Rock The Bike

Weird coincidence

This afternoon in the workshop I got a call from Joel, the drummer from Afrolicious and Pleasure Maker (Thursdays at the Elbo Room). I met Joel when we were on the 2-Mile Challenge tour together. He said,

“Sorry I couldn’t make it to your gig last week, I was working.”

“Doing what?”


“Moving? Like for cash?


“How much they paying you?”

“18 an hour.”

“Dang, I’d offer you work at Rock the Bike, because we need help with assembly and packing and shipping right now, but we normally pay only $12.”

“That’s OK man, I’d totally work for you, because I believe in what you’re doing.”

“Really? Thanks Joel.”

“No problem. And you should come by the Elbo tonight.”

“Thanks, I’ll try to make it around 11. Can you put me on the guest list?”

Then I got home, had dinner and got a text from Julia about an event at Cellspace.

“OK I’ll swing by, but I’m going to Elbo later.”

The exhibit at Cell Space was an incredible cardboard city about 20 feet by ten feet, with a miniature helicopter floating around. There was a miniature remote control helicopter flying through the skyscrapers of the cardboard city. It’s up until April 17. Gotta go see it!

Anyway, after checking out the city, I suggested a cruise so we left. It was me, Julia, and Tyson, whose chain sounded like a chorus of crickets. We had a great ride up to Billy Goat hill, and watched the city. It was late so I had to coax them to come with me to the Elbo Room. But it was a downhill cruise awaiting us so it wasn’t that hard. Three abreast on Cesar Chavez was really nice. Julia was saying we felt like a bike gang. The Plush Red Down Glow on my my mom’s Electra was sweet. Sometimes it’s good to ride a totally simple bike. I can see the appeal of fixed gear bikes. I just love me knees. Anyway, we roll up to the Elbo Room. The woman at the door let all three of us in. Sure enough, Joel was in his element playing along on traps with Afrolicious. During a set break I got to introduce him to my friends and catch up a little. We danced until 1 or so and then cruised. I sprayed Boeshield on Tyson’s chain and said goodbye.

I headed upstairs and parked in front of the computer like I normally do when I should be sleeping. I checked the What’s Hot page on Rock the Bike. I noticed a comment on my post about JoyRider clothing, entitled bicycle fashion:

“Bravo! A clothing line that is not centered around spandex! At Velo Vogue, we also applaud cycling in normal fashionable clothing. Clothing lines such as Joyrider will help de-marginalize cycling for transportation! Looking good!”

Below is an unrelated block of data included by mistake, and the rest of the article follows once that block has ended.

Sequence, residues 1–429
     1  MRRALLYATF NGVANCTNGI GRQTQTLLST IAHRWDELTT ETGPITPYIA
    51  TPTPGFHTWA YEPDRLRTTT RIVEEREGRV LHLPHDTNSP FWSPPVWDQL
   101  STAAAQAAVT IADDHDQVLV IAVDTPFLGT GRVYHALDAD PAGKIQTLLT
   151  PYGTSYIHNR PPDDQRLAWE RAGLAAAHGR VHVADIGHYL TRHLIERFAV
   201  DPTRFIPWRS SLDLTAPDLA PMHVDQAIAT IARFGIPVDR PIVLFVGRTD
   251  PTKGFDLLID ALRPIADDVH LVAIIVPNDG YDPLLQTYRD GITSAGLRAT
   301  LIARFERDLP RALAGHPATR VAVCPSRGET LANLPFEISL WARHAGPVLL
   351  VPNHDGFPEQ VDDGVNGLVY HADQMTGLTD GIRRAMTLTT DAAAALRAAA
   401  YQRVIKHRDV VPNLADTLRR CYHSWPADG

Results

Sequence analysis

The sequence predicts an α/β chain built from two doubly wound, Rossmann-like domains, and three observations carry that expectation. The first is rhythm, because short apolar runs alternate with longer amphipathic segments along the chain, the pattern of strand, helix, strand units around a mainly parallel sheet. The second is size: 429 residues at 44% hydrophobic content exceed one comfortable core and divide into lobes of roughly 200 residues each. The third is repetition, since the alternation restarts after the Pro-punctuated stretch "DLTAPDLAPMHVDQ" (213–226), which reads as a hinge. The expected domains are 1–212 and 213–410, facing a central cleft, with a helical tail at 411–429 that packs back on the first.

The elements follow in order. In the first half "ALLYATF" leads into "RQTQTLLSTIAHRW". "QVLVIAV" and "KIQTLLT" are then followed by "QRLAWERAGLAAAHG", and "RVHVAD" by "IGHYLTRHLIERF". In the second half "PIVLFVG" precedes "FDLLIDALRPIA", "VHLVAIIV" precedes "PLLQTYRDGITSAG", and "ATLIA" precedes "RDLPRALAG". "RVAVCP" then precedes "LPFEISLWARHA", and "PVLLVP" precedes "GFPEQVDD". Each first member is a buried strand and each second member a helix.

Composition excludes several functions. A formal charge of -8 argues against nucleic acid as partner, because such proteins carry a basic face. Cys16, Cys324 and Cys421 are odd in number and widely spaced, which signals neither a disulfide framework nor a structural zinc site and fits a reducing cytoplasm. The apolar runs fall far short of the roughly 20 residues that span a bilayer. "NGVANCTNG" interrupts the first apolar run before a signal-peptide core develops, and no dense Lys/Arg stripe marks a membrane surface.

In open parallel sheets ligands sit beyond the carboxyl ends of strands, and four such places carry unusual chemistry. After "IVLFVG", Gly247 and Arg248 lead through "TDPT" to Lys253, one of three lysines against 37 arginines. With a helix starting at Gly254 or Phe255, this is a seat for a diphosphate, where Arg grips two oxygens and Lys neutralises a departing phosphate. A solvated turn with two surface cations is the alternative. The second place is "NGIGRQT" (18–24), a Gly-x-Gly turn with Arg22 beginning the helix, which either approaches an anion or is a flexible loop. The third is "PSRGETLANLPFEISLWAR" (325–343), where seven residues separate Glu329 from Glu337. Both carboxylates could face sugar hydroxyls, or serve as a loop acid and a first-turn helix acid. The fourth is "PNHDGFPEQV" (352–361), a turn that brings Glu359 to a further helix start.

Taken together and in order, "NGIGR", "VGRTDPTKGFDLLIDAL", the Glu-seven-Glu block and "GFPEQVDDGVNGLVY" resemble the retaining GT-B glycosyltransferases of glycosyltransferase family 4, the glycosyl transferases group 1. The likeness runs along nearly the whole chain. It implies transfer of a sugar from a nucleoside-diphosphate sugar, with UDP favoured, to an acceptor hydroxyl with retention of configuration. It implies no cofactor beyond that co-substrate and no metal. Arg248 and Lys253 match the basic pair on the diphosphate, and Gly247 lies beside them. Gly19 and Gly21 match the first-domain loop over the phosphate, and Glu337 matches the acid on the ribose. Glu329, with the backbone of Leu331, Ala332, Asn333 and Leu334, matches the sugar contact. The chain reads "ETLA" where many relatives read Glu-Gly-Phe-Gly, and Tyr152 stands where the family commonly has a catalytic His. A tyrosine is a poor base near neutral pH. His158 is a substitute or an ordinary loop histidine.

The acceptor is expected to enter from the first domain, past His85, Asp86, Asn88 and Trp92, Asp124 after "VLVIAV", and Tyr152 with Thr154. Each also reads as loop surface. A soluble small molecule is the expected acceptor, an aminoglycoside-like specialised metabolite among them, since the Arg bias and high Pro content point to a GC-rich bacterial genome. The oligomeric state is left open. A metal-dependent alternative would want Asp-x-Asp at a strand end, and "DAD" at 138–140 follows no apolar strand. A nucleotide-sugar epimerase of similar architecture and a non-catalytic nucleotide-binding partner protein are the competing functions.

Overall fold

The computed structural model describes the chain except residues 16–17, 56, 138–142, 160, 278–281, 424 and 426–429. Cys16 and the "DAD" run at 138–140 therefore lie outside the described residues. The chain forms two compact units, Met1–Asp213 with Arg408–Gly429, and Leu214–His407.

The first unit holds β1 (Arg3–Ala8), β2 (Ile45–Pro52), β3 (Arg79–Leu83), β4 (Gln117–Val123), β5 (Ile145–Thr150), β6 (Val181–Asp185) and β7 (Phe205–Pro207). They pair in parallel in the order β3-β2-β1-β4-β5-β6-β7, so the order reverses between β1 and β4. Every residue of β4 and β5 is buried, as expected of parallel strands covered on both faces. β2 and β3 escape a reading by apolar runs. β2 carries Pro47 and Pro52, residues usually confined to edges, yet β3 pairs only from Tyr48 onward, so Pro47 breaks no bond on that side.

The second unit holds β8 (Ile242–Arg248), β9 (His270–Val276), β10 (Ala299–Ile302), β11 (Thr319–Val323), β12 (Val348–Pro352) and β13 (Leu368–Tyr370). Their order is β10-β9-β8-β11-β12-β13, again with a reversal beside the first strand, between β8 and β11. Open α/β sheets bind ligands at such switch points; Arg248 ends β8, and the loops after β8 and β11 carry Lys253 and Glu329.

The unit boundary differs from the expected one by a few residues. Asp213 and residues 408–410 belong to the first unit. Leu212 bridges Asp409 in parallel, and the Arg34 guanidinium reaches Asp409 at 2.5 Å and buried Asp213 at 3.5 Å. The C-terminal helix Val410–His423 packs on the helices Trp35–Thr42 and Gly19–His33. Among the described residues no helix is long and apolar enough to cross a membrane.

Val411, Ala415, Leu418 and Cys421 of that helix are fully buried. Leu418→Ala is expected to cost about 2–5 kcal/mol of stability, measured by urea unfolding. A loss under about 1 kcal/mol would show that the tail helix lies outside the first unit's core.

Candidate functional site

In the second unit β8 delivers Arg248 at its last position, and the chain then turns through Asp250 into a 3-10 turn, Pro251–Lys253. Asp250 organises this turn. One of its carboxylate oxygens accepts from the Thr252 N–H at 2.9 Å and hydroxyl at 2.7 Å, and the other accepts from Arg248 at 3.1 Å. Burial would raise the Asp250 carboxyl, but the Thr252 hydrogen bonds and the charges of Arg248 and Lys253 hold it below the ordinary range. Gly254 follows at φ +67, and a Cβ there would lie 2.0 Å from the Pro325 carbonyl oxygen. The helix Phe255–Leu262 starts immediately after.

So I clicked the link and sure enough it’s a hip little blog about San Francisco bicycle fashion, with lots of fun photos. And there at the bottom of the page, ladies and gentlemen, was Joel Elrod, riding with a companion in Golden Gate park, wearing a black hat and a cool T-shirt:


Our commute home.

When your new assembly and shipping employee has a hernia, and he’s carrying a heavy messenger style backpack with the used mountain bike frame you gave him strapped on it, and he’s on the cell phone with his father as you ride home to West Oakland BART together, telling his dad he has back pain that shoots down his left leg, and you know he doesn’t have health insurance and is fighting the system to schedule his surgery, you don’t just keep riding. You stop, take his pack, and strap it to your Xtracycle, even though you’re already carrying your own stuffed messenger bag, 8 DLG‘s, and a box of Schwalbe tires that the Ginger Ninjas need for their tour. Because you can.

And then, when you take a few pedal strokes, you ‘re surprised how good it feels, not the good samaritan act of helping your employee at the end of a long day, but riding the bike itself, and you say out loud, “Whoah, it’s even easier than before; I think the load is more balanced now. I must have been fighting it a little before.” When those types of this things happen to you, on a regular basis, you’re riding an Xtracycle.

OK, here’s another one. I was literally in the BART the other night and an attractive grad student pulled her face out of her text book to say “Nice bike. What do you carry on that?” And it’s not the first time it has happened.

I urge bike people who haven’t seriously considered getting themselves a long bike to let these anecdotes sink in. It’s only by experiencing magic scenes like these that you understand how transformative it can be to have a dependable, nimble, fun cargo hauling ride like the Xtracycle or the Mundo.